How do you know if your Ludic Language Pedagogy is “MMM… delicious” or not? Stick some research thermometers in it! Let’s talk about what to use and how to use them.
This workshop will provide you with a variety of research approaches, methodologies and instruments to help you understand the effect that your teaching with games is having on your students and their learning. Together, first, we’ll look at some typical (now stale) game-based language teaching projects and pull out and examine the thermometer(s) that were used. We’ll scowl angrily and “tut-tut” condescendingly at all the vocabulary tests and surveys about motivation or opinions from students and teachers. Next, we’ll gleefully break out the really cool research projects and research thermometers that we will borrow from the Ludic Language Pedagogy community kitchen. We’ll all “ooo and aah” at the mounds of shiny stuff: concept maps, gameplay transcriptions, debriefing sequences, stimulated recall protocols, student-created “best play” videos, evidence-driven reflections, textual and media analysis, ethnographic gameplay fieldnotes, transfer tasks, carefully chosen/created tests, open-ended interviews, and whatever else we can grab before the conference. You’ll receive on-the-spot training about how each gadget works (what questions it can answer and how best to use it) and learn how to stick a bunch of these things all over and in your Ludic Language Pedagogy (before, during, after, post) in order to clearly and comfortably get a hi-definition image of what effect your methods, materials and mediation (MMM!) have on your students and their learning. You’ll leave the talk/workshop with as many thermometers as you can cram into your inventory, and be ready to go back to your classroom. You will be able to use these tools to evaluate how well your own LLP is cooking and to make minor tweaks to it (iterate! try your recipe again!) the next time around (ala “good teaching” or action research) and you’ll be able to use the information and skills to more formally research your teaching and submit your projects to conferences and journals interested in teaching with games (*cough* https://llpjournal.org/ *cough*).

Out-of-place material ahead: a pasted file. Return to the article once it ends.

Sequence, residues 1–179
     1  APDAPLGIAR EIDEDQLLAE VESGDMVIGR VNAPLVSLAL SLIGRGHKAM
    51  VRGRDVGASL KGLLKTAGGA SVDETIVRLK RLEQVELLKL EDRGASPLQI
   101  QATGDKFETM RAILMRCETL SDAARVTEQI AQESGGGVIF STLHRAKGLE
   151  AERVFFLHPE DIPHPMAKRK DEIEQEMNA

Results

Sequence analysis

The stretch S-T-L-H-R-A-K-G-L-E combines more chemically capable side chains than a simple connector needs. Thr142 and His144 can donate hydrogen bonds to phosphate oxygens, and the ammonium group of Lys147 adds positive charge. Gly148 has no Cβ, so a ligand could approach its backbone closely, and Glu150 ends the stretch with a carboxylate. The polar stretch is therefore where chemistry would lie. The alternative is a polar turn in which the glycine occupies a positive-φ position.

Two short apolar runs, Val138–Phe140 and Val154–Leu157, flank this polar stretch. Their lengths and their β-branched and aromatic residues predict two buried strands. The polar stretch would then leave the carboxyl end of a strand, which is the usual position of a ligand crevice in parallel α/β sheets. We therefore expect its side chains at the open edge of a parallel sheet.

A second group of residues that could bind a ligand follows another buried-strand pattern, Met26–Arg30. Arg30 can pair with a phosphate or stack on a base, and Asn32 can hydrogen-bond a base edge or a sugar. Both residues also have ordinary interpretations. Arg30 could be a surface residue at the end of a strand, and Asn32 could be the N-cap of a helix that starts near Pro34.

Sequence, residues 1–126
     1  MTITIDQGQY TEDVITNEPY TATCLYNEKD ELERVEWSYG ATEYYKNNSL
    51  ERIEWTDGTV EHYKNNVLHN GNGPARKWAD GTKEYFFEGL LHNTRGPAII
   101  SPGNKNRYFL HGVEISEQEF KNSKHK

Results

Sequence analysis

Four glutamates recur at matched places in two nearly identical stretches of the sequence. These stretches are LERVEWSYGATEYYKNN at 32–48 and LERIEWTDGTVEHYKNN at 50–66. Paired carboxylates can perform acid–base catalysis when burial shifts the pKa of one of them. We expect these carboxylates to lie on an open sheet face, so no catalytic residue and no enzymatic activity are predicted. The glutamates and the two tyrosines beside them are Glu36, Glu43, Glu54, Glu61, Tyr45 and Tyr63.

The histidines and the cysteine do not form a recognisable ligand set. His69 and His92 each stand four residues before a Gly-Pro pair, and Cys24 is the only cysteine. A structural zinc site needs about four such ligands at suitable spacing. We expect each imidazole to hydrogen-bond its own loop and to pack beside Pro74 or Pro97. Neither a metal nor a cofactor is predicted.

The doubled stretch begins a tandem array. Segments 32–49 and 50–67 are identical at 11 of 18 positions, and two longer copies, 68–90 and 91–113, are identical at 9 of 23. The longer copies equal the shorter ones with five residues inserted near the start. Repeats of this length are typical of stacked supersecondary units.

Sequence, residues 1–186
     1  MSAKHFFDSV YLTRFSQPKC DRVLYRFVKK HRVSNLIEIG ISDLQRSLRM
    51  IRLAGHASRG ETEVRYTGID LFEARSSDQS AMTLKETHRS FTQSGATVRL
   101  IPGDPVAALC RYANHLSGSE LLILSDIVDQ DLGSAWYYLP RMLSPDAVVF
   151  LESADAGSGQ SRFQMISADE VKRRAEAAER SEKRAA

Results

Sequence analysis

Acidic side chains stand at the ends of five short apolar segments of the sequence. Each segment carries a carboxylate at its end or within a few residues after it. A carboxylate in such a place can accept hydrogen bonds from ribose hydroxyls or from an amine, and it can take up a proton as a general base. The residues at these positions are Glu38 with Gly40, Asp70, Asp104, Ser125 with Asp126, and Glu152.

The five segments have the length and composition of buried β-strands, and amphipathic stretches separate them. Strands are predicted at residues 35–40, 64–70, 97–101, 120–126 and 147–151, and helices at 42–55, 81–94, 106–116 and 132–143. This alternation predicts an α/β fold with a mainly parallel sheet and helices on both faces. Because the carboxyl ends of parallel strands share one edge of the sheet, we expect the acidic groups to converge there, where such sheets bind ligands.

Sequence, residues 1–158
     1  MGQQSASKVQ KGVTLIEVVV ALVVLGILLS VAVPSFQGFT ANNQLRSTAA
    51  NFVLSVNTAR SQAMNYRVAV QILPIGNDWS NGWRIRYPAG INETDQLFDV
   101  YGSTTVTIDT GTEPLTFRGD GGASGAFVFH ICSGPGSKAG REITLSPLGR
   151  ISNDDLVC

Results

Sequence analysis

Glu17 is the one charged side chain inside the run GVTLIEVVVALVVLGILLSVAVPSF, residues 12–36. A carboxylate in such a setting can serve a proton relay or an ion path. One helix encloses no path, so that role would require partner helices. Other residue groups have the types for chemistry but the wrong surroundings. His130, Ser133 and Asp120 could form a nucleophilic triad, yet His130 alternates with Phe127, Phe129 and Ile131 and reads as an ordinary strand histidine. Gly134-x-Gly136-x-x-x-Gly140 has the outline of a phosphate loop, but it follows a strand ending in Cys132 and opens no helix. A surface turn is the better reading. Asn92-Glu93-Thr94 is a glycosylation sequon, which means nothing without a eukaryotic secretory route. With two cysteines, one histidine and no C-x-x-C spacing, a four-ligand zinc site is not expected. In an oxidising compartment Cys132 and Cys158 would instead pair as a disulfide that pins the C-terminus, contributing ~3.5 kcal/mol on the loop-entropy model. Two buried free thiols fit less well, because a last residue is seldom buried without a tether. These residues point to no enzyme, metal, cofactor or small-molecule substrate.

Associate Professor, University of Shizuoka || Teacher-researcher of the "Game Terakoya" Pedagogy of Multiliteracies curriculum || Editor, Ludic Language Pedagogy ||
I am an Assistant Professor in the Master of Arts in Foreign Language Teaching program at Michigan State University. I received my Ph.D. in Instructional Technology and Learning Sciences in the College of Education at Utah State University in 2020. I also earned a Master of Second Language Teaching Degree in 2015. My research investigates the implementation of technology for improving and assessing second language literacy skills and the effect of well-designed games on second language learning, teaching, and classroom dynamics.
Editor in Chief of Ludic Language Pedagogy https://llpjournal.org/ || Senior Assistant Professor @ Meiji University || #games and #language || #taiko #日本語 #PETSCII